From time to time, when her knees could take it, my grandmother would trek up the steep driveway of her neighbor, Mrs. Smeltzer, to “have a sit” and shoot the breeze. When I was a young boy, Mrs. Smeltzer was the oldest living thing I could imagine, and, therefore, I found her fascinating. If I was visiting my grandmother and I promised to be very quiet and sit very still, I was also allowed to accompany her up the steep hill to visit Mrs. Smeltzer—but only on the back porch or in the library downstairs.
Mrs. Smeltzer and my grandmother would sit and talk and talk and talk—and I would listen. They would talk about anything and nothing—recipes, old Dutch magic, books, the garden, defunct factories. Today they were reminiscing about an old acquaintance.
Mrs. Smeltzer asked my grandmother if she remembered Gertrude Hetrick (she did) and her old stone house on Main Street in South Middleton (the one with the ivy on the walls) where the sycamores grow along the road (of course) and their branches meet in the middle (a cool, shady drive). Now there were houses there, (when will they stop putting up new houses?) but it used to be a farm (a potato farm). When she was just a girl, Mrs. Smeltzer said that she used walk out there and sit on the back porch (nice and breezy) and sit and talk for hours with Gertrude until the sun went down.
One night she and Gertrude noticed three bright lights by the horizon. Brighter than a star. Brighter than Venus. They began to move. Gertrude said “up,” and they went up. She said “down,” and they went down. She said “left,” and they went left and “right,” and they went right. She said “spin,” and they spun. The lights obeyed her and danced for hours until, at last, Mrs. Smeltzer said, “come . . .”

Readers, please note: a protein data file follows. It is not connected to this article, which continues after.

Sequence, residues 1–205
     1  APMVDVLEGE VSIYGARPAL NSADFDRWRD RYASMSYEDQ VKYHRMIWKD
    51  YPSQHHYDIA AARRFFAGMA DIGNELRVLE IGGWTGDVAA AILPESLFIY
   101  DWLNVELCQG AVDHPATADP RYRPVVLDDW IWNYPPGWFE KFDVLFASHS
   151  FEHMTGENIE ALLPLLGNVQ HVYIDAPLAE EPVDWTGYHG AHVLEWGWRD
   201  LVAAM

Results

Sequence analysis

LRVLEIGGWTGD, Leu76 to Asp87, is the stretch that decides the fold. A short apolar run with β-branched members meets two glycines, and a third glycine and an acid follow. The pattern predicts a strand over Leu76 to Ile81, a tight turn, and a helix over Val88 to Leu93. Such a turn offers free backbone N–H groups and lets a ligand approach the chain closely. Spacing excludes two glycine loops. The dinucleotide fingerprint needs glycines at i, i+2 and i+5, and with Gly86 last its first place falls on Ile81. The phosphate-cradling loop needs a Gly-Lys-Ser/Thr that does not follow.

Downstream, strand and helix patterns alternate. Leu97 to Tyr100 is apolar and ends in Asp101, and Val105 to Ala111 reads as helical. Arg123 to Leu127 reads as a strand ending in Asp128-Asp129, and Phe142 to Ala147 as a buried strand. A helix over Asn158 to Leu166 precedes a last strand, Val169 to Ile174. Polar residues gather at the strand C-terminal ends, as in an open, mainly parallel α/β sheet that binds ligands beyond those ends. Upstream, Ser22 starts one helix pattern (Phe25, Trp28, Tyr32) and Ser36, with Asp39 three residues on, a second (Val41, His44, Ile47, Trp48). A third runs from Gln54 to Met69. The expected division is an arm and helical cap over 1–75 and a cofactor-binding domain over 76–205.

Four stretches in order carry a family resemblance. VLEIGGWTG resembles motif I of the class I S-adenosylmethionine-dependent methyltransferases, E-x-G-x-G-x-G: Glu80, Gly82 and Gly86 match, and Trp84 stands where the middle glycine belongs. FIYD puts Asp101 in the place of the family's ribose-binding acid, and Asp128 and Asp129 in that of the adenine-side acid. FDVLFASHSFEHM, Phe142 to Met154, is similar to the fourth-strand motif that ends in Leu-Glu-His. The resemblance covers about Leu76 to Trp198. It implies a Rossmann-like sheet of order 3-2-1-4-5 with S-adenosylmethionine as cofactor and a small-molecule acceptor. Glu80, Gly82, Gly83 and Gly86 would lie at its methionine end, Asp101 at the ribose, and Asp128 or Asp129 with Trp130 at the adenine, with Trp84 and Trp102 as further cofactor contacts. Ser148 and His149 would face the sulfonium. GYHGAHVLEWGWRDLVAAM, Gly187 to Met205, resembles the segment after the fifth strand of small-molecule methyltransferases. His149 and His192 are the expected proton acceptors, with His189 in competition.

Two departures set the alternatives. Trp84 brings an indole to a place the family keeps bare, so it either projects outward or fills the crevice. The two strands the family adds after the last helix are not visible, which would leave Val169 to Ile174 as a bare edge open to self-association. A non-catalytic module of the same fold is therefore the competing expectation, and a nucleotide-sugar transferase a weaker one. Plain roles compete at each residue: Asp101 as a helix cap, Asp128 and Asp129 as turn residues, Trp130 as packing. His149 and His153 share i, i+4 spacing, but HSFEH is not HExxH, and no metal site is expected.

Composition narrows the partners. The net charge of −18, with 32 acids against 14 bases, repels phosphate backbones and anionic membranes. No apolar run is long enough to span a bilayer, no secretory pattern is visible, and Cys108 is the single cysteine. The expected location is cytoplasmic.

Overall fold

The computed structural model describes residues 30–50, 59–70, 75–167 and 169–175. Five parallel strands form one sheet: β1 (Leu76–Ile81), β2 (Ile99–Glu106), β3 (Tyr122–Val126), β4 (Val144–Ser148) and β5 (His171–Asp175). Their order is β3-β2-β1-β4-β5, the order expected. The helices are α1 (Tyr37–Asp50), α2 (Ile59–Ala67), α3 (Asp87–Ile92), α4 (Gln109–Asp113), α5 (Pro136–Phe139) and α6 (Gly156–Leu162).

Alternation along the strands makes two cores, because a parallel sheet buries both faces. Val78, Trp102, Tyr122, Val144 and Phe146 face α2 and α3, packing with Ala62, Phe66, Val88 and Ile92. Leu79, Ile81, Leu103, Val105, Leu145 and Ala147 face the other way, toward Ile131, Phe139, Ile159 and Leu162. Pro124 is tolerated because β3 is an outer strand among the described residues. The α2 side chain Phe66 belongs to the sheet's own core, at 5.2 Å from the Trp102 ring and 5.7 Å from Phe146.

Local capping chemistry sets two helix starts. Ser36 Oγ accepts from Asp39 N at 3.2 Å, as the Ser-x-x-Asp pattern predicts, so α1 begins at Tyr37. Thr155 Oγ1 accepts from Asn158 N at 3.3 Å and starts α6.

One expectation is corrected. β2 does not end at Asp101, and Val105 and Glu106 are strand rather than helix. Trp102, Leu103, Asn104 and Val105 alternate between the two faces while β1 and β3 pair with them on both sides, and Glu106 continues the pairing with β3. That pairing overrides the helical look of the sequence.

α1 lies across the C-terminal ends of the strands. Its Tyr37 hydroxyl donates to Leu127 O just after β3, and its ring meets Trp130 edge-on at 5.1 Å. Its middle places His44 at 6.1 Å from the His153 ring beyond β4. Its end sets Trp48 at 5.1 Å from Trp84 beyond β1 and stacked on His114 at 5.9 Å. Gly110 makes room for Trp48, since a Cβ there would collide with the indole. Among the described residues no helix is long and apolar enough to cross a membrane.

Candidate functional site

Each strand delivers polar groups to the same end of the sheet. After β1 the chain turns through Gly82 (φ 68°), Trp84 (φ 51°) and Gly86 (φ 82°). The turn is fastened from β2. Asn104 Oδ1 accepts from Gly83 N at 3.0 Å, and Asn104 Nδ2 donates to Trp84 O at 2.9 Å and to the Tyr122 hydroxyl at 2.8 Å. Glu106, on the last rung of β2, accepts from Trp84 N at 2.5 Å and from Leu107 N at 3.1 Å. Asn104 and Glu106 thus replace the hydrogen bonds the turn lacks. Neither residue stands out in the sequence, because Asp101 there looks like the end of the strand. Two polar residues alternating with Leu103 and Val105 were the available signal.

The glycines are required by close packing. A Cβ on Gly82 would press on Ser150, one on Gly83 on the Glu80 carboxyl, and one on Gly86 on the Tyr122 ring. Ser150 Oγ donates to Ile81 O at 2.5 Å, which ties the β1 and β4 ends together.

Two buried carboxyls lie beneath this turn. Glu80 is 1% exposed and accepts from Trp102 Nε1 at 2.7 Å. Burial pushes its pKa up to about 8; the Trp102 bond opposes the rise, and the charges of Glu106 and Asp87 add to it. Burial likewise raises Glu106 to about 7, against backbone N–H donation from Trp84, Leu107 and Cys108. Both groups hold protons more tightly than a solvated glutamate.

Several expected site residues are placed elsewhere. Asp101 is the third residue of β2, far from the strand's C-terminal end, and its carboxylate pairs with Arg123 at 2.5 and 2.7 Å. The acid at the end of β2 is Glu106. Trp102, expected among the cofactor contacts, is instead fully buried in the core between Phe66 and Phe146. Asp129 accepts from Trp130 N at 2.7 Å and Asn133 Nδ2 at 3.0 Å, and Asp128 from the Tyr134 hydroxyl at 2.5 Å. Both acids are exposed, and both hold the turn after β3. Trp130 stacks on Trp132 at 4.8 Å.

the will-o’-wisps lead us
On the Madonna with Saint Giovannino
There, at her feet, heaven embraces the Earth. Their robes are blood—our blood—which just once bore the imprint of heaven. Looking on, in love and reverence, the mother, the vessel of our salvation, sees her blood born again in her son and her nephew. Time is there as well—the great gnomon which separates the old and the new, the before and the after. She understands the importance of these children, playing simply, who mark the beginnings and endings of eras, but, in the knowing tranquility of her gaze, we see that she is, first and foremost, a kind and loving mother.
Of course, Domenico Ghirlandaio makes it clear that the subject of the title is not the subject of the painting. Follow the bull’s horn to the peasant, shading his eyes from the bright objects in the sky. Don’t be fooled. These aren’t angels from the Annunciation or the Nativity. Above the babies, a mothership sends probes to Earth. What extraterrestrial magi seek the King of Heaven? Above the Virgin Mary, a flying saucer crackles with bolts of strange energy as a rapt rustic stares in wonder.
In the Vatican, there are contingency plans for converting and baptizing aliens. Perhaps they know more than they are letting on.
a fallen angel
tests absent wings
(by Jill Trade & Joshua St. Claire)
a circle of light
dances on the horizon
five falling lights
midnight paratrooper training
bright blue streaks
kids setting off
through the cloud city
flying saucer flashing
tourists from the future
grinning in the windows
Editor’s Note: Recently, Joshua and the other twelve members of the Poets Thirteen were nominated for the Pushcart Prize by this publishing house for their renku, “Quantum Entanglement,” which appeared in the debut issue of The Lotus Tree Literary Review. Joshua served as the poem leader, or sabaki.